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When users run exports there can be misalignment of data that causes issues in the business process. If users export out of a dashboard, it's most often for custom reporting purposes. During this the user filters, sorts, creates sums via a pivot table, uses lookup for attributes, and displays additional data. All of these are certainly needed for reporting. In a worst case scenario the user will create additional KPIs or ratios that he could not find in the Anaplan model. Next, this user will copy all of this data into a PowerPoint ® deck, make additional formatting changes, add comments to the numbers or variances, and present this deck to his meeting attendees. This user has spent a few days doing the tasks described above, and within these few days the model has changed: data might have changed, structures might have changed, some calculations might have changed, new calculations are now available, and maybe even user access has changed. Now, this user’s deck is misaligned; they are presenting data, analysis, and conclusions that can be irrelevant or that conflict with another presenter of the same meeting who exported from the platform in a different timeframe. At this point, the executive sponsor may ask why they invested in a great platform like Anaplan if the organization is still having the same issues as before where shadow processes are frequently occurring—not to mention that the additional accurate and insightful comments included in the deck are now disconnected from the rest of the data, and will remain buried in people's emails instead of being available to all. Then the next week, or next month, the meeting happens again, and all the work of extract, reformat, recalculate, copy/paste, and comments needs to be done again.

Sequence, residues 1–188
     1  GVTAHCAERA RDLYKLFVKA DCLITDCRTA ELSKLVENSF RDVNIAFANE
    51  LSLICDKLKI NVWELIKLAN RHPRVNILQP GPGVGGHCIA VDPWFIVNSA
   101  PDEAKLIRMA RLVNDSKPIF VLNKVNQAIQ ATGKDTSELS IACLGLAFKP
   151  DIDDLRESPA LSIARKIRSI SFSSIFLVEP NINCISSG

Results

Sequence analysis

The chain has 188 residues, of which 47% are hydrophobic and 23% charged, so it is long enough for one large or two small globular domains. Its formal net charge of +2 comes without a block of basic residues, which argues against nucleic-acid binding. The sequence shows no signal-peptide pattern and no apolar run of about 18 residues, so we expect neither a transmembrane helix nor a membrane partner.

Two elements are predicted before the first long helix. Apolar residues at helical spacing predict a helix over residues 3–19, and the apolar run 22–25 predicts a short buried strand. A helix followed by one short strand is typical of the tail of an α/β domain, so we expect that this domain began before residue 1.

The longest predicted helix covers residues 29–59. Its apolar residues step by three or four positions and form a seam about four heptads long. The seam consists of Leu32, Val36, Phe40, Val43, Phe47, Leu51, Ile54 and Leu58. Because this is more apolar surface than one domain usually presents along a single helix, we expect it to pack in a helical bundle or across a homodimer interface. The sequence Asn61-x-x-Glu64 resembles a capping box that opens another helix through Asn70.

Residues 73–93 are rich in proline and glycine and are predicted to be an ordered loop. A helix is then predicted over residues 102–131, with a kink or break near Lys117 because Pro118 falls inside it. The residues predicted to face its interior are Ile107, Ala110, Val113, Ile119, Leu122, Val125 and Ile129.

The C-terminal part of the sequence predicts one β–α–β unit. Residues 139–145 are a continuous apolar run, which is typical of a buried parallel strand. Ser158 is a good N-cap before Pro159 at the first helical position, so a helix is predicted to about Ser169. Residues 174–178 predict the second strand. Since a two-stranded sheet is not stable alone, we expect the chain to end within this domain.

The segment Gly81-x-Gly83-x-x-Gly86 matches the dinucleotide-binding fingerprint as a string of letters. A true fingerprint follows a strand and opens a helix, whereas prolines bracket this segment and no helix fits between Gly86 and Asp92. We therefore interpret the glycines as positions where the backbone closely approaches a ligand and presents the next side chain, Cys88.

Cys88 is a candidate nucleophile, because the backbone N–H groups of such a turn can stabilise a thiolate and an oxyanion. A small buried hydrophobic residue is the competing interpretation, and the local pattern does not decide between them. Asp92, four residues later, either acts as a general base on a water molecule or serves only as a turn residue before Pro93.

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Summary Anaplan Connect is a command-line client to the Anaplan cloud-based planning environment and is a java-based utility that is able to perform a variety of commands, such as uploading and downloading data files, executing relational SQL queries (for loading into Anaplan), and running Anaplan actions and processes. To enhance the deployment of Anaplan Connect, it is import to be able to integrate the trapping of error conditions, enable the ability to retry the Anaplan Connect operation, and integrate email notifications. This article provides best practices on how to incorporate these capabilities. This article leverages the standard Windows command line batch script and documents the various components and syntax of the script. In summary, the script has the following main components: Set variable values such as exit codes, Anaplan Connect login parameters, and operations and email parameters Run commands prior to running Anaplan Connect commands Main loop block for multiple retries Establish a log file based upon the current date and loop number Run the native Anaplan Connect commands Search for string criteria to trap error conditions Branching logic based upon the discovery of any trapped error conditions Send email success or failure notification of Anaplan Connect run status Logic to determine if a retry is required End main loop block Run commands post to running Anaplan Connect commands Exit the script Section #1: Setting Script Variables The following section of the script establishes and sets variables that are used in the script. The first three lines perform the following actions: Clears the screen Sets the default to echo all commands Indicates to the operating system that variable values are strictly local to the the script The variables used in the script are as follows: ERRNO   – Sets the exit code to 0 unless set to 1 after multiple failed reties COUNT   – Counter variable used for looping multiple retries RETRY_COUNT   – Counter variable to store the max retry count (note: the /a switch indicates indicates a numeric value) AnaplanUser   – Anaplan login credentials in the format as indicated in the example WorkspaceId   – Anaplan numerical or named Workspace ID ModelId   – Anaplan numerical or named Model ID Operation   – A combination of Anaplan Connect commands. It should be noted that a ^ can be used to enhance readability by indicating that the current command continues on the next line Domain   – Email base domain. Typically, in the format of company.com Smtp   – Email SMTP server User   – Email SMTP server User ID Pass   – Email SMTP server password To   – Target email address(es). To increase the email distribution, simply add additional -t and the email addresses as in the example. From   – From email address Subject   – Email subject line. Note that this is dynamically set later in the script. cls echo on setlocal enableextensions REM **** SECTION #1 - SET VARIABLE VALUES **** set /a ERRNO=0 set /a COUNT=0 set /a RETRY_COUNT=2 REM Set Anaplan Connect Variables set AnaplanUser="<<Anaplan UserID>>:<<Anaplan UserPW>>" set WorkspaceId="<<put your WS ID here>>" set ModelId="<<put your Model ID here>>" set Operation=-import "My File" -execute ^ -output ".\My Errors.txt" REM Set Email variables set Domain="spg-demo.com" set Smtp="spg-demo" set User="fpmadmin@spg-demo.com" set Pass="1Rapidfpm" set To=-t "fpmadmin@spg-demo.com" -t "gburns@spg-demo.com" set From="fpmadmin@spg-demo.com" set Subject="Anaplan Connect Status" REM Set other types of variables such as file path names to be used in the Anaplan Connect "Operation" command Section #2: Pre Custom Batch Commands The following section allows custom batch commands to be added, such as running various batch operations like copy and renaming files or running stored procedures via a relational database command line interface. REM **** SECTION #2 - PRE ANAPLAN CONNECT COMMANDS *** REM Use this section to perform standard batch commands or operations prior to running Anaplan Connect Section #3: Start of Main Loop Block / Anaplan Connect Commands The following section of the script is the start of the main loop block as indicated by the :START. The individual components breakdown as follows: Dynamically set the name of the log file in the following date format and indicates the current loop number:   2016-16-06-ANAPLAN-LOG-RUN-0.TXT Delete prior log and error files Native out-of-the-box Anaplan Connect script with the addition of outputting the Anaplan Connect run session to the dynamic log file as highlighted here: cmd /C %Command% > .\%LogFile% REM **** SECTION #3 - ANAPLAN CONNECT COMMANDS *** :START REM Dynamically set logfile name based upon current date and retry count. set LogFile="%date:~-4%-%date:~7,2%-%date:~4,2%-ANAPLAN-LOG-RUN-%COUNT%.TXT" REM Delete prior log and error files del .\BAT_STAT.TXT del .\AC_API.ERR REM Out-of-the-box Anaplan Connect code with the exception of sending output to a log file setlocal enableextensions enabledelayedexpansion || exit /b 1 REM Change the directory to the batch file's drive, then change to its folder cd %~dp0 if not %AnaplanUser% == "" set Credentials=-user %AnaplanUser% set Command=.\AnaplanClient.bat %Credentials% -workspace %WorkspaceId% -model %ModelId% %Operation% @echo %Command% cmd /C %Command% > .\%LogFile% Section #4: Set Search Criteria The following section of the script enables trapping of error conditions that may occur with running the Anaplan Connect script. The methodology relies upon searching for certain strings in the log file after the AC commands execute. The batch command findstr can search for certain string patterns based upon literal or regular expressions and echo any matched records to the file AC_API.ERR. The existence of this file is then used to trap if an error has been caught. In the example below, two different patterns are searched in the log file. The output file AC_API.ERR is always produced even if there is no matching string. When there is no matching string, the file size will be an empty 0K file. Since the existence of the file determines if an error condition was trapped, it is imperative that any 0K files are removed, which is the function of the final line in the example below. REM **** SECTION #4 - SET SEARCH CRITERIA - REPEAT @FINDSTR COMMAND AS MANY TIMES AS NEEDED *** @findstr /c:"The file" .\%LogFile% > .\AC_API.ERR @findstr /c:"Anaplan API" .\%LogFile% >> .\AC_API.ERR REM Remove any 0K files produced by previous findstr commands @for /r %%f in (*) do if %%~zf==0 del "%%f" Section #5: Trap Error Conditions In the next section, logic is incorporated into the script to trap errors that might have occurred when executing the Anaplan Connect commands. The branching logic relies upon the existence of the AC_API.ERR file. If it exists, then the contents of the AC_API.ERR file are redirected to a secondary file called BAT_STAT.TXT and the email subject line is updated to indicate that an error occurred. If the file AC_API.ERR does not exist, then the contents of the Anaplan Connect log file is redirected to BAT_STAT.TXT and the email subject line is updated to indicate a successful run. Later in the script, the file BAT_STAT.TXT becomes the body of the email alert.  REM **** SECTION #5 - TRAP ERROR CONDITIONS *** REM If the file AC_API.ERR exists then echo errors to the primary BAT_STAT log file REM Else echo the log file to the primary BAT_STAT log file @if exist .\AC_API.ERR ( @echo . >> .\BAT_STAT.TXT @echo *** ANAPLAN CONNECT ERROR OCCURED *** >> .\BAT_STAT.TXT @echo -------------------------------------------------------------- >> .\BAT_STAT.TXT type .\AC_API.ERR >> .\BAT_STAT.TXT @echo -------------------------------------------------------------- >> .\BAT_STAT.TXT set Subject="ANAPLAN CONNECT ERROR OCCURED" ) else ( @echo . >> .\BAT_STAT.TXT @echo *** ALL OPERATIONS COMPLETED SUCCESSFULLY *** >> .\BAT_STAT.TXT @echo -------------------------------------------------------------- >> .\BAT_STAT.TXT type .\%LogFile% >> .\BAT_STAT.TXT @echo -------------------------------------------------------------- >> .\BAT_STAT.TXT set Subject="ANAPLAN LOADED SUCCESSFULLY" ) Section #6: Send Email In this section of the script, a success or failure email notification email will be sent. The parameters for sending are all set in the variable section of the script.  REM **** SECTION #6 - SEND EMAIL VIA MAILSEND *** @mailsend -domain %Domain% ^ -smtp %Smtp% ^ -auth -user %User% ^ -pass %Pass% ^ %To% ^ -f %From% ^ -sub %Subject% ^ -msg-body .\BAT_STAT.TXT Note: Sending email via SMTP requires the use of a free and simple Windows program known as MailSend. The latest release is available here:   https://github.com/muquit/mailsend/releases/ . Once downloaded, unpack the .zip file, rename the file to mailsend.exe and place the executable in the same directory where the Anaplan Connect batch script is located.  Section #7: Determine if a Retry is Required This is one of the final sections of the script that will determine if the Anaplan Connect commands need to be retried. Nested IF statements are typically frowned upon but are required here given the limited capabilities of the Windows batch language. The first IF test determines if the file AC_API.ERR exists. If this file does exist, then the logic drops in and tests if the current value of COUNT   is less than   the RETRY_COUNT. If the condition is true, then the COUNT gets incremented and the batch returns to the :START location (Section #3) to repeat the Anaplan Connect commands. If the condition of the nested IF is false, then the batch goes to the end of the script to exit with an exit code of 1.  REM **** SECTION #7 - DETERMINE IF A RETRY IS REQUIRED *** @if exist .\AC_API.ERR ( @if %COUNT% lss %RETRY_COUNT% ( @set /a COUNT+=1 @goto :START ) else ( set /a ERRNO=1 @goto :END ) ) else ( set /a ERRNO=0 Section #8: Post Custom Batch Commands The following section allows custom batch commands to be added, such as running various batch operations like copy and renaming files, or running stored procedures via a relational database command line interface. Additionally, this would be the location to add functionality to bulk insert flat file data exported from Anaplan into a relational target via tools such as Oracle SQL Loader (SQLLDR) or Microsoft SQL Server Bulk Copy (BCP).  REM **** SECTION #8 - POST ANAPLAN CONNECT COMMANDS *** REM Use this section to perform standard batch commands or operations after running Anaplan Connect commands :END exit /b %ERRNO% Sample Email Notifications The following are sample emails sent by the batch script, which are based upon the sample script in this document. Note how the needed content from the log files is piped directly into the body of the email.  Success Mail: Error Mail: